AHL provided a clear example of just how potent and profitable systematic macro strategies could be — evidence that wasn’t lost on Quantitative Investment Management’s Woodriff, co-founder, chairman and CEO of the Charlottesville, Virginia–based hedge fund firm. When he started his global trading program in 2001, Woodriff saw that its returns were slightly correlated with those run by more established trend-following CTAs and decided to eliminate the overlap. After paring models that pursued long-term trends, he focused on short- to medium-term price patterns, gravitating to the most liquid futures markets, such as that for equity indexes.

From a strategic standpoint, Woodriff is less concerned with price moves than with deciphering the herd mentality that drives them. His approach, which he calls “quantitative behavioral finance,” is built on the premise that profound inefficiencies in the interpretation of information flow are the norm. Different market participants interpret data in varying ways, creating a time lag between information stimulus and response.

“What we’re doing essentially turns Efficient Market Theory on its head, because we’re pursuing a form of statistical prediction,” Woodriff says. “The more liquid a market is and the more diverse its array of participants, the more significant the resulting patterns are, which leads to better returns for us.”

In 2008, QIM’s flagship Quantitative Global Program delivered a net return of 11.94 percent, with most of those profits coming from trading deep, liquid futures markets: currencies, energy, stock indexes and metals (the only sector in which the fund lost money was interest rates). This year it was up 12.11 percent through July, owing chiefly to the performance of stock index futures. Since inception the program has delivered an annualized return of 19.3 percent, with annualized volatility, as measured by the standard deviation of its returns, of just 11.78 percent.

AS TREND FOLLOWING HAS evolved, so too have investors’ attitudes. When Braga, now president and head of systematic trading at BlueCrest, began meeting with investors in January 2004, she struggled to explain the necessity of upgrading the trading model.

“I would tell investors that we were quite committed to the idea that we needed to evolve the model, but clients didn’t like hearing that,” she says. “They would ask, ‘Why are you doing upgrades? Aren’t you confident in your model? If you keep changing it, how are we going to know if it works?’”

In contrast, Braga notes, investors today want to know about her firm’s research pipeline, which has expanded quickly. BlueTrend launched five years ago with exposure to 80 markets; it now trades in about 150 markets around the world on a 24-hour cycle. Like many of its peers, the fund has become more opportunistic, taking advantage of shorter-term trends — price movements tracked over a few days or weeks.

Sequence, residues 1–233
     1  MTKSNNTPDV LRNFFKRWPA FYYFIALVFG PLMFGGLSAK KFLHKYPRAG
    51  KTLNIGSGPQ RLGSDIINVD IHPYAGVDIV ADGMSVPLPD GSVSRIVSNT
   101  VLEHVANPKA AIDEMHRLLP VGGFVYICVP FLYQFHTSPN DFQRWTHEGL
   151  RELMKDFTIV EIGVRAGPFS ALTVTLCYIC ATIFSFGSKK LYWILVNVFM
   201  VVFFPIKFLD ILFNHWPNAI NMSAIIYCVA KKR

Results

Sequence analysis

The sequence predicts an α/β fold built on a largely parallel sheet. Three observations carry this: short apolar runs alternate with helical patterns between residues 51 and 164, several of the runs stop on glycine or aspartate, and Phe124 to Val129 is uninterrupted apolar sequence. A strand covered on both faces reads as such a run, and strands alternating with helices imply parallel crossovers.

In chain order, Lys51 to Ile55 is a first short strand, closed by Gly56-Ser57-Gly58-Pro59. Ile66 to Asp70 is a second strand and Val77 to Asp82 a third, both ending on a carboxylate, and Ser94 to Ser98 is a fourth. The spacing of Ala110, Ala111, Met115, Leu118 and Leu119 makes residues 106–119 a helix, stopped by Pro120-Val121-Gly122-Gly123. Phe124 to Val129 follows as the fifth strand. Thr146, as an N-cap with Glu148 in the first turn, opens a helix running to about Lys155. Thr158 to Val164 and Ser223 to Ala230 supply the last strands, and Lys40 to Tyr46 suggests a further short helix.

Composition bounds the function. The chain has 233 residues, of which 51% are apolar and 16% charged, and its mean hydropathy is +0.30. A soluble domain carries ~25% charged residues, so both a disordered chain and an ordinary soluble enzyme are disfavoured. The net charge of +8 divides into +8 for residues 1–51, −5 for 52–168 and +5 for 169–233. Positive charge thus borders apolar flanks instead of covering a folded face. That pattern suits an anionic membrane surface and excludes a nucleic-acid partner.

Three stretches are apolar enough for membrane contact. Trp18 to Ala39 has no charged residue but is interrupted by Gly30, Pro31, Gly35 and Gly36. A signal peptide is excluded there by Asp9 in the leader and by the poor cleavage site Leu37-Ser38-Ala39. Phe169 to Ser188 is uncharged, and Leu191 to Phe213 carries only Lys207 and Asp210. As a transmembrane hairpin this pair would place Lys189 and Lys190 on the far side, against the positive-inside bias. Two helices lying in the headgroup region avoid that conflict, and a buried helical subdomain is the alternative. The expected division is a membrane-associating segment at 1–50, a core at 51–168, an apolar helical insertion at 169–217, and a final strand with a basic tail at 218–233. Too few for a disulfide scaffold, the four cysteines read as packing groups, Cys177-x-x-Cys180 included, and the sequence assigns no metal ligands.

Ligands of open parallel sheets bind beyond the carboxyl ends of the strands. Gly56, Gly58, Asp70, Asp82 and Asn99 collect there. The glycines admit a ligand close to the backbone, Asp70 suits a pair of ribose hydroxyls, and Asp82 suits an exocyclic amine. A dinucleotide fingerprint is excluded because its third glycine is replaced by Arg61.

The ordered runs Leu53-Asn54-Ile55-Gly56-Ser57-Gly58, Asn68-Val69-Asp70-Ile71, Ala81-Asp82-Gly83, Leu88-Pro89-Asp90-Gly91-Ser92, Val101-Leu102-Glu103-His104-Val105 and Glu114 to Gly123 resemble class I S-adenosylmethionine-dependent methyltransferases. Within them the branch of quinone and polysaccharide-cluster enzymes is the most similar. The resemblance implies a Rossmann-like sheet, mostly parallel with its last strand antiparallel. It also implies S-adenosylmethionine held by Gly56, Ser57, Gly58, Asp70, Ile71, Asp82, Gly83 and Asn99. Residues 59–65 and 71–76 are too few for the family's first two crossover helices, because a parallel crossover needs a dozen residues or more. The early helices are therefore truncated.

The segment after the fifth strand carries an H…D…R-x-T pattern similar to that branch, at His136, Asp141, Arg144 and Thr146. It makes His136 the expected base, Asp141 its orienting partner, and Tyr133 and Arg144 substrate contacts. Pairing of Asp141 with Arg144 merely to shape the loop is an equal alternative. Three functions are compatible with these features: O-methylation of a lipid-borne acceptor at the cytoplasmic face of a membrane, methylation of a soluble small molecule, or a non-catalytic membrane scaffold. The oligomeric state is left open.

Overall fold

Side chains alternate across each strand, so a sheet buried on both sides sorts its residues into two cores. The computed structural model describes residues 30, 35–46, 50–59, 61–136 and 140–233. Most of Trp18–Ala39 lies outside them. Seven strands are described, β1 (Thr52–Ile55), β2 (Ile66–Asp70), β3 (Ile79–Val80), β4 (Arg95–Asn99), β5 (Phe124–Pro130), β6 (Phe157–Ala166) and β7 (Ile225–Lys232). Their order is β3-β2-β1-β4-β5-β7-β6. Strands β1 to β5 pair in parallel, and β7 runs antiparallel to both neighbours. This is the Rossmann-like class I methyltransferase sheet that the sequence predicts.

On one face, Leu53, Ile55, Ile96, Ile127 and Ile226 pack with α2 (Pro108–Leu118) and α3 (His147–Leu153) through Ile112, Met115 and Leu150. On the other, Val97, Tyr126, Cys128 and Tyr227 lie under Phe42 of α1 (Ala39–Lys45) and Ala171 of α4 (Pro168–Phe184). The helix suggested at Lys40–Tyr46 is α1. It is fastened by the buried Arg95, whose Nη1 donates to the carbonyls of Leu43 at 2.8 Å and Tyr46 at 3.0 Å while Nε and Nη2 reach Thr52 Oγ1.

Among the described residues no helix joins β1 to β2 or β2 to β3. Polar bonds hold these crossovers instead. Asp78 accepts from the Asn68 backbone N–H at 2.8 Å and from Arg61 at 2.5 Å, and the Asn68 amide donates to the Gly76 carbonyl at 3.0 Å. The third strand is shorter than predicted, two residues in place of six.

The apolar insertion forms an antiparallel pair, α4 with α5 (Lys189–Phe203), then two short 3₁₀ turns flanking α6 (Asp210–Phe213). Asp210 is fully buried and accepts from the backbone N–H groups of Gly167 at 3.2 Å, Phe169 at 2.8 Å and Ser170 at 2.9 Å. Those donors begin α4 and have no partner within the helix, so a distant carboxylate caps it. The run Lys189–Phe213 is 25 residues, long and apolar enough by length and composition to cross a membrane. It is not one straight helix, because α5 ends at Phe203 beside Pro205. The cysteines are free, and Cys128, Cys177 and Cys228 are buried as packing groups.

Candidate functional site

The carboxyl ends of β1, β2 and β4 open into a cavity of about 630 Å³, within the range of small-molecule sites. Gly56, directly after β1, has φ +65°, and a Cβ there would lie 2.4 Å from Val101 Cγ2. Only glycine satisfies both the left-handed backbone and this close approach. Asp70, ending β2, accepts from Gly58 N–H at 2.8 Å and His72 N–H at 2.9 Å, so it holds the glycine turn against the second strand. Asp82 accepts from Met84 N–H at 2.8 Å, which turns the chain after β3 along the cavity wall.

Braga and her team pay particular attention to controlling volatility and transaction costs when modifying BlueTrend’s model, which distributes capital across markets based on an algorithm designed to rebalance according to its highest-conviction positions. Maintaining broad diversification is critical, however: Even in choppy markets, where trends aren’t readily apparent, the program avoids the outsize risk of heaping assets into one particular trade.

“We actually get really happy when we see risk go up in the system,” Braga says, “because it means that the model is finding opportunities everywhere.”

Since its launch, BlueTrend has found a wealth of opportunity. It delivered a net annualized return of 19.9 percent through June 2009 and is now responsible for more than half of BlueCrest’s $12.4 billion in assets under management. Although the fund has not suffered a down year to date, it has had some wild swings: In April 2008 it fell more than 6 percent, only to end the year up more than 40 percent.

Despite such turbulence, Braga remains confident that BlueTrend will appeal to new investors in the wake of the financial crisis. She has been working closely with Bank of America Merrill Lynch Fund Solutions Group to develop an onshore version of BlueTrend in Europe and Asia. By tailoring it to meet the regulatory requirements for undertakings for collective investment in transferable securities (UCITS), BofA Merrill Lynch can apply to distribute the fund throughout the European Union based on authorization from a single member state — in this case, Luxembourg.

Industry veterans like Welton Investment’s Welton firmly believe that as investors reassess their core allocations in the months and years ahead, systematic macro strategies will finally be recognized for what they are: true alternatives.

“The crisis of 2008 revealed a failure of primary reasoning about what constituted good asset class diversification,” says Welton, whose Carmel, California–based firm manages $500 million. “We are seeing a much broader base of professional investors looking at global macro strategies now — including managed futures — and trying to figure out what it is that we do, how we do it and why the strategies deliver noncorrelated performance even under great market stress.”

One such investor is Emily Porter, who was recently hired to launch the inaugural hedge fund portfolio of the Universities Superannuation Scheme, the U.K.’s second-largest pension fund, with $35.2 billion in assets under management. Porter, who was previously a portfolio manager and investment director at London-based fund of hedge funds Key Asset Management, is just starting to look at systematic macro managers.

“They are definitely on our radar screen,” she says, adding that these strategies could ultimately make up 10 percent to 15 percent of USS’s total hedge fund allocation. “There are a lot of differences in how CTAs are being run. And that evolution may be one of the key changes in the industry that I’ve observed — there seems to be a lot more differentiation now than there was even five or six years ago.”

If the past is any guide, those differences are only going to become more evident as systematic macro managers engineer innovative ways to capitalize on the flow of information in the markets they trade. Trend followers they may be, but they’ve now created an investment trend all their own.